If you don't care for the icons supplied with REAPER � or you can't find what you want � you can download more track icon sets from the REAPER stash, at stash.reaper.fm

5.9 Track Layouts[edit]

Different people and different projects have different needs. That's one reason why REAPER's default theme makes available to you a selection of different track layouts. You can select any of these for your tracks and, indeed, if you wish even use different track layouts for different tracks. This topic is examined in more detail in Chapter 12, where we deal with track, mixer, transport and envelope layouts. Here is a basic introduction.

First select the track (or tracks), then right click over the track panel. From the context menu choose Track layout then Track panel, then select from the list. New layouts are developed and added or modified from time to time. Be prepared to explore! Some examples are shown below:

Default: the theme default track layout.

Default + value readouts: Volume and pan settings displayed as text.

Small: uses less screen real estate.

Large: easier to read but uses more real estate.

Standard media: with horizontal volume fader (rather than rotary).

5.10 Headphone Monitoring[edit]

While you are listening to and evaluating your various recorded items, it�s usually recommended practice to use the monitors (speakers) in your studio or control room. However, you may wish also to use headphones from time to time, perhaps for those occasions when you need to focus in detail on a particular track or media item.

Assuming that you have a PCI sound card or other audio device (Firewire or USB) which supports multiple outputs, here�s a neat little trick.

  1. Assign Output Aliases to your outputs, as explained in Chapter 1.
  2. Display your Routing Matrix and assign the output from the Master to the Control Room speakers.
  3. Put on your headphones.
  4. As you play the song, click on the appropriate cells on the routing matrix to also direct any particular track on which you wish to focus to your headphones. Of course, you can change from track to track, or add as many or as few as you want at any time.

In the example shown (above), the entire mix (from the Master) is being heard thru the Main Speakers, but only track 1 Vox is also being heard thru the headphones.

Remember that you can right click over this grid cell to display the controls for this send (such as Volume). This can be also a good technique to use when you have with you a musician who wants to particularly hear her own track while you are mixing!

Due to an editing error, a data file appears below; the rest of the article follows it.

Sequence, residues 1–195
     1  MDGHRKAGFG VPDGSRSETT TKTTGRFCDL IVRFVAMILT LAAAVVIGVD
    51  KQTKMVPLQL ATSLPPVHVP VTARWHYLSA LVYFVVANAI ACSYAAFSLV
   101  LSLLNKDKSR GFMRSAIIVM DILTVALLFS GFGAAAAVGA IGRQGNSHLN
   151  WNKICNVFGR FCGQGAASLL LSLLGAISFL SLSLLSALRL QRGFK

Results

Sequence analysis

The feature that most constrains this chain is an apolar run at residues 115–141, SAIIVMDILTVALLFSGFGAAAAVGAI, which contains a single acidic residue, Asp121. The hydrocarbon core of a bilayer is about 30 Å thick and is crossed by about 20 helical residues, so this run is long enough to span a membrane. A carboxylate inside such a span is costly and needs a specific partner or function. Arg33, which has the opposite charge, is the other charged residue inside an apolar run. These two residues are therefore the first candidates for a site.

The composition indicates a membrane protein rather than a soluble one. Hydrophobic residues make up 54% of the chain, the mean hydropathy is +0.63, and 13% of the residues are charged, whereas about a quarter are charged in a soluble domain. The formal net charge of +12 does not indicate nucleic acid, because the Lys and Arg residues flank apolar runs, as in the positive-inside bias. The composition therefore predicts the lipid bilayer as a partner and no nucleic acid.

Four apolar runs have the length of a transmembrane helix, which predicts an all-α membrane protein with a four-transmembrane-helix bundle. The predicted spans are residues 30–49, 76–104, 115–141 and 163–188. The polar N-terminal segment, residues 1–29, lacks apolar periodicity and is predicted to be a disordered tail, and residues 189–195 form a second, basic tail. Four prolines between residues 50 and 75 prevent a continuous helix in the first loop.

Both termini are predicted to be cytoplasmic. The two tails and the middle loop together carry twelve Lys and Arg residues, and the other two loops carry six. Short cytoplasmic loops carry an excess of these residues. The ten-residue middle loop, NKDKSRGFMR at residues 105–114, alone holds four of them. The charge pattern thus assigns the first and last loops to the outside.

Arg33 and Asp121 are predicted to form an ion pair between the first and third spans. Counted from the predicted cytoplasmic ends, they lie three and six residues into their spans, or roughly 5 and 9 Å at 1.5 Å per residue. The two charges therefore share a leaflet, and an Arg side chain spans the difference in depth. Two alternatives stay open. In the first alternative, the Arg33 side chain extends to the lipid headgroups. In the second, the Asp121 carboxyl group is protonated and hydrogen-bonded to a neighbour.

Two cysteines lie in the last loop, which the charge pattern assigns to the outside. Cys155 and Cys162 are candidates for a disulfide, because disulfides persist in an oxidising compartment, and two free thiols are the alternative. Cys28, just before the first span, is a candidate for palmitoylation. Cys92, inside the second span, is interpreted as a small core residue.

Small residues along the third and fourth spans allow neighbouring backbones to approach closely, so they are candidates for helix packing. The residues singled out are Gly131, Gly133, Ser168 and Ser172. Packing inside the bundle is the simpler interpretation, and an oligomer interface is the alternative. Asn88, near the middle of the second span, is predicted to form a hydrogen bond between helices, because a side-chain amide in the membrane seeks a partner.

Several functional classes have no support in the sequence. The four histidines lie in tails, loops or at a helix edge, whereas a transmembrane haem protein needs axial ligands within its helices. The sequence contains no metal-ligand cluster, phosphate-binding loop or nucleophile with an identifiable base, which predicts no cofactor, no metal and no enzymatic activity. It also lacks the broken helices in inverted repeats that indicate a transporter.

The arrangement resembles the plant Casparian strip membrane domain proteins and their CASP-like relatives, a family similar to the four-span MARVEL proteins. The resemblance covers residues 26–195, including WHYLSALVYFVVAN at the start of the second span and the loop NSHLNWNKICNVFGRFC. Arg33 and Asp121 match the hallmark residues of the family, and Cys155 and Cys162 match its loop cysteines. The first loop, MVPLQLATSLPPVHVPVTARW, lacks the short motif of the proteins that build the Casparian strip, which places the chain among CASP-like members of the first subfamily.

When you are mixing down, you might not wish to see all of the available routing information available � it can get quite complex. You might wish to keep the routing matrix display as simple as possible for the job in hand. For example, if you are focussed purely on mixing, you might not need to see all the various input assignments.

Right clicking over the background area lets you customize its display. In the example shown here, by unchecking Show audio hardware as sources we have simplified the display. If you have installed ReaRoute, consider also disabling the options to Show ReaRoute as destinations and Show ReaRoute as sources.

5.11 Creating a Headphone Mix[edit]

Provided your sound card includes at least two pairs of outputs, we can make the process of headphone monitoring easier and more flexible by creating a headphone mix. This is how it is done.

  1. Connect your Headphones to your Headphone Amp, and your Headphone Amp to one pair of outputs.
  2. Create a new track and name it Headphone Mix. Create sends to this track for any and all tracks that you want to be able to monitor thru your headphone mix.
  3. Choose the Options, Preferences command, select the heading General then click on the Advanced UI/System tweaks � button. Enable Allow track envelope/routing windows to stay open.
  4. Click OK then OK again to close the Preferences window.
  5. Select your Headphone Mix track and open the Routing Window. Add an Audio Hardware Output to the paired outputs to which your Headphone Amp is connected. Disable the Master/Parent Send for this track.
  6. You can now use the Pan and Volume faders for your receives, together with the Mute buttons, to control your headphone mix.

5.12 Displaying Grid Lines[edit]

REAPER lets you determine whether or not to show grid lines in your projects. If you choose to show them, you have a number of options to determine how they are displayed. In this section we will look at three examples of how you might choose to use grid lines if you wish. The display of grid lines is toggled on and off using the Grid button on the toolbar, or the Options, Snap/grid, Show grid command, or the keyboard shortcut Alt G.


Grid line display options can be found in the Appearance page of your Preferences. Grid and marker lines can be displayed over, thru, or under media items.

image: Show grid disabled. Show grid enabled. Spacing 1 beat, minimum 10 pixels. Grid line thru items, Marker line over items. Dotted grid lines selected.

Show grid enabled. Spacing 1 beat, minimum 5 pixels. Grid line under items, Marker line over items. Dotted grid lines not selected.

Show grid enabled. Spacing 1 beat, minimum 5 pixels. Grid line over items, Marker line under items. Dotted grid lines not selected.


You also have an option to set the grid line spacing to frame or measure rather than to a fraction of a beat. Frame can be useful when working with video media. (Frame rate is set in Project Settings, see Chapter 2).

If measure is selected, the grid setting will be determined by the time signature.

Later in this guide (Chapter 7), you will be shown how to use grid settings to automatically snap various objects and items into position.

5.13 Understanding Sends, Buses, Submixes and Folders[edit]